Jeff Erenstone, right, helps fit Steve Halloran with a new hockey skate prosthetic, at Erenstone’s Plattsburgh office of Mountain Orthotics and Prosthetics.
When it comes to sporting equipment for handicapped athletes, there are very few places in the country where you can find an expert in the field. One of those very few places is right here in the North Country.
Jeff Erenstone, owner of Mountain Orthotics and Prosthetics in Lake Placid and Plattsburgh, is one of the preeminent designers and builders of adaptive sporting equipment in the country. From a hockey skate for an athlete missing their lower leg, to a skeleton sled for a paraplegic athlete with no arms, to a specially designed and built foot made for rock climbing, if it will help an adaptive athlete to compete in a sport, Erenstone can design and build it.
The Lake Placid native is sought out by athletes from around the country, and his gear can be found anywhere from a pick-up hockey game at a local pond, to the Empire State and Paralympic Games.
Erenstone’s practice specializes in “regular” prosthetics and orthotics, but equipping athletes is a passion.
“It’s enjoyable to help someone achieve their goal. It’s obvious and attainable,” said Erenstone. “They’re trying to return to the things they had been doing before. It’s life-fulfilling for them.”
While helping all adaptive athletes back to their sports is fulfilling for him, it’s working with children that Erenstone takes special pleasure. He has been attending Camp No Limits for eight years. Camp No Limits is a camp that takes place in various locations around the country, where handicapped children are able to meet other children with similar handicaps, and learn how to just be a kid.
Some disabled children, Erenstone says, might come from smaller towns where they are the only child, for instance, missing a limb. They get to Camp No Limits, and they see other kids running on their prosthetics, and they start to run.
“Every kid is an athlete,” says Erenstone.
Along with helping people return to an active life, conquering the individual design challenge of each new case is rewarding for Erenstone. For some applications Erenstone might start with a readily available prosthetic device, like a Flex-Foot Cheetah running blade, and it can be adapted to the particular person and sport. For others, however, there might be nothing on the market to start from. For these cases, Erenstone just starts from scratch.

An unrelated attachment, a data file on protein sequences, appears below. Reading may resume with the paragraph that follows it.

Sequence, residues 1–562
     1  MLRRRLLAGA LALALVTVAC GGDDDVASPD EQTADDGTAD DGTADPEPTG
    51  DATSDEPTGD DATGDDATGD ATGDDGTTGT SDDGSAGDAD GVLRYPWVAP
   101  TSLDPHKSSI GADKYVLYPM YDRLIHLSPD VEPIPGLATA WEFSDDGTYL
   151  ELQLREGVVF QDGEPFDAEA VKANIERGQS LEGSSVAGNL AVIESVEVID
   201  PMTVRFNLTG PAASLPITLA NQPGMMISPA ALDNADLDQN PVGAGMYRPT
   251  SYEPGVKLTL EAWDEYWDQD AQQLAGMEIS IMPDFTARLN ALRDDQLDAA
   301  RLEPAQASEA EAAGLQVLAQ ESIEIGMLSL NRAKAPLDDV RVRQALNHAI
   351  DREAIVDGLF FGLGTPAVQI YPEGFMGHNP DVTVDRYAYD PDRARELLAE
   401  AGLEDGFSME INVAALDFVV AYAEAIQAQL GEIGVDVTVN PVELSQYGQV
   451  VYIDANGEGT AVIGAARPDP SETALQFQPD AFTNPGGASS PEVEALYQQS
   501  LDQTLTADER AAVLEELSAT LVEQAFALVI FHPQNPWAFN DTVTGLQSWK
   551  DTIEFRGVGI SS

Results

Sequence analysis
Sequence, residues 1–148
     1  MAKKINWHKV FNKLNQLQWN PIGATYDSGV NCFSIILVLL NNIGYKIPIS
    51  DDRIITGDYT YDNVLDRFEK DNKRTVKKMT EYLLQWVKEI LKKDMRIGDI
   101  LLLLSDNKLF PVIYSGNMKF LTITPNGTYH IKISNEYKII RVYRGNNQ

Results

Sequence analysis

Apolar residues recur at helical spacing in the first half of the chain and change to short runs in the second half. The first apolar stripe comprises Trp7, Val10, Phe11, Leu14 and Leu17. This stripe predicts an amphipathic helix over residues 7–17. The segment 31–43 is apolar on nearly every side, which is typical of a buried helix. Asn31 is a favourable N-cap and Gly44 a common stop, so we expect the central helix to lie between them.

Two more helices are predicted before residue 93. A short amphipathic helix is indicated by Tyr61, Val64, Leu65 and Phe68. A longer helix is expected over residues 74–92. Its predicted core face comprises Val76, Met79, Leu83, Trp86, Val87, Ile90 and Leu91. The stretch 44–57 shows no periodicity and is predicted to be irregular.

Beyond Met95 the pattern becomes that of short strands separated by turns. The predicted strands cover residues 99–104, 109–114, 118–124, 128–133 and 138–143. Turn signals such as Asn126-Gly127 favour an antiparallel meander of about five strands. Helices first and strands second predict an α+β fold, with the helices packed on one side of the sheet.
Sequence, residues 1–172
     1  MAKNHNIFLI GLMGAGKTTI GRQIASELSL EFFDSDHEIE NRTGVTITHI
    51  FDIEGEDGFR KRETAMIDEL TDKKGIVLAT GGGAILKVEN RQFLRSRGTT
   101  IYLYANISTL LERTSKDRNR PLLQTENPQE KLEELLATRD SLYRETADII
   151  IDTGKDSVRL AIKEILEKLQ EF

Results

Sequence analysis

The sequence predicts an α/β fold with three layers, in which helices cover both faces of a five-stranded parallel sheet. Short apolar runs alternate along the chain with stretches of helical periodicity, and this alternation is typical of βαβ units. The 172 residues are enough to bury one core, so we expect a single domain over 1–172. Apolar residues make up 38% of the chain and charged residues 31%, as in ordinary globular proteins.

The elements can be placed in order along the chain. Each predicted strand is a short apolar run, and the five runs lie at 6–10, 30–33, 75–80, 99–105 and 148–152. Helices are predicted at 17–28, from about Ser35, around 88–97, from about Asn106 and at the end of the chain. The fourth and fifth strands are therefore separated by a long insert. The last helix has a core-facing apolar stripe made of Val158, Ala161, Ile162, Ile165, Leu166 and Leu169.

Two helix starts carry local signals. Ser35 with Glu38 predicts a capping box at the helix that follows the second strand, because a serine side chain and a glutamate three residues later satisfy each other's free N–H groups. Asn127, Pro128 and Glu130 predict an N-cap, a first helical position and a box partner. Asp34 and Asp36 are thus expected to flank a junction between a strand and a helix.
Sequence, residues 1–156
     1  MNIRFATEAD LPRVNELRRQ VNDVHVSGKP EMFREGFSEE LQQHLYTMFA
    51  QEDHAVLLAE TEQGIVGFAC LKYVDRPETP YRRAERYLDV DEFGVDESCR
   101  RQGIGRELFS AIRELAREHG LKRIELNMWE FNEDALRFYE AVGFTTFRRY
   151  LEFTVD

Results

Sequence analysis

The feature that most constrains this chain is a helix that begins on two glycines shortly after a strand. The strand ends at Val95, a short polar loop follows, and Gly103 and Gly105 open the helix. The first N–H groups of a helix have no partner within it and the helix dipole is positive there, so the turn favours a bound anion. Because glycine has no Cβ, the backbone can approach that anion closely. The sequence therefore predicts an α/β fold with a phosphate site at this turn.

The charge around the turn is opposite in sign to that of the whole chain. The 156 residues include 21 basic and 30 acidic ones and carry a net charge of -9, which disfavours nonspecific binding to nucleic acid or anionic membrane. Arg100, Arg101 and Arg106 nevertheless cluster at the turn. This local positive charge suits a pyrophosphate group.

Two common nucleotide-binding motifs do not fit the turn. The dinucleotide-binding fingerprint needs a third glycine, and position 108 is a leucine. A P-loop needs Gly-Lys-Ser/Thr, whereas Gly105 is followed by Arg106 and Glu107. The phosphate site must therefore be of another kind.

“I love the design challenge. You have no idea the amount of forces and situations you run into in an adaptive sport situation. You have to combine support with mobility, in a nice enough package that they will want to use it,” he said.
Unfortunately, Erenstone only sees his business picking up in the future. With over a decade of Americans at war, he has already seen an influx of soldiers in adaptive sports.
Whenever there is a war, Erenstone says, there is a huge increase in technology in the field. Where he sees the technology increasing the most, currently, is in the use of computers in prosthetics, as well as in adaptive sports. Soldiers, he says, are the kind of people who were typically active before their injury, and are going to stay active after, just the kind of person who goes into adaptive sports.
Wherever that technology might lead, there is no doubt that Erenstone will be using it to equip adaptive athletes and get them back into competition, or off the sidelines for the first time.